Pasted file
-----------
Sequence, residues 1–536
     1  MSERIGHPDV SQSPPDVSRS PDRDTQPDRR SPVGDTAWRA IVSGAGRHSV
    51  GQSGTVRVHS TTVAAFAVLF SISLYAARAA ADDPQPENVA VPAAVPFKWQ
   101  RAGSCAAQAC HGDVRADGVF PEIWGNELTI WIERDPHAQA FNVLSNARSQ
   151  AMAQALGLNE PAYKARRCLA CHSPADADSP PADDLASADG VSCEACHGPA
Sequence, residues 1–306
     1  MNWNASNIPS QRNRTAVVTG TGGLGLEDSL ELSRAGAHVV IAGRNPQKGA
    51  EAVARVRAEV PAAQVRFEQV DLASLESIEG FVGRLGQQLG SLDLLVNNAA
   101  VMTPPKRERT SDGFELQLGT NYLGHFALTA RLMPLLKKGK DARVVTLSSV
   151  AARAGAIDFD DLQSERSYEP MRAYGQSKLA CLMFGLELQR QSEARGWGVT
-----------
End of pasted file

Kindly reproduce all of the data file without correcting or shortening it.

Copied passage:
Sequence, residues 1–536
     1  MSERIGHPDV SQSPPDVSRS PDRDTQPDRR SPVGDTAWRA IVSGAGRHSV
    51  GQSGTVRVHS TTVAAFAVLF SISLYAARAA ADDPQPENVA VPAAVPFKWQ
   101  RAGSCAAQAC HGDVRADGVF PEIWGNELTI WIERDPHAQA FNVLSNARSQ
   151  AMAQALGLNE PAYKARRCLA CHSPADADSP PADDLASADG VSCEACHGPA
Sequence, residues 1–306
     1  MNWNASNIPS QRNRTAVVTG TGGLGLEDSL ELSRAGAHVV IAGRNPQKGA
    51  EAVARVRAEV PAAQVRFEQV DLASLESIEG FVGRLGQQLG SLDLLVNNAA
   101  VMTPPKRERT SDGFELQLGT NYLGHFALTA RLMPLLKKGK DARVVTLSSV
   151  AARAGAIDFD DLQSERSYEP MRAYGQSKLA CLMFGLELQR QSEARGWGVT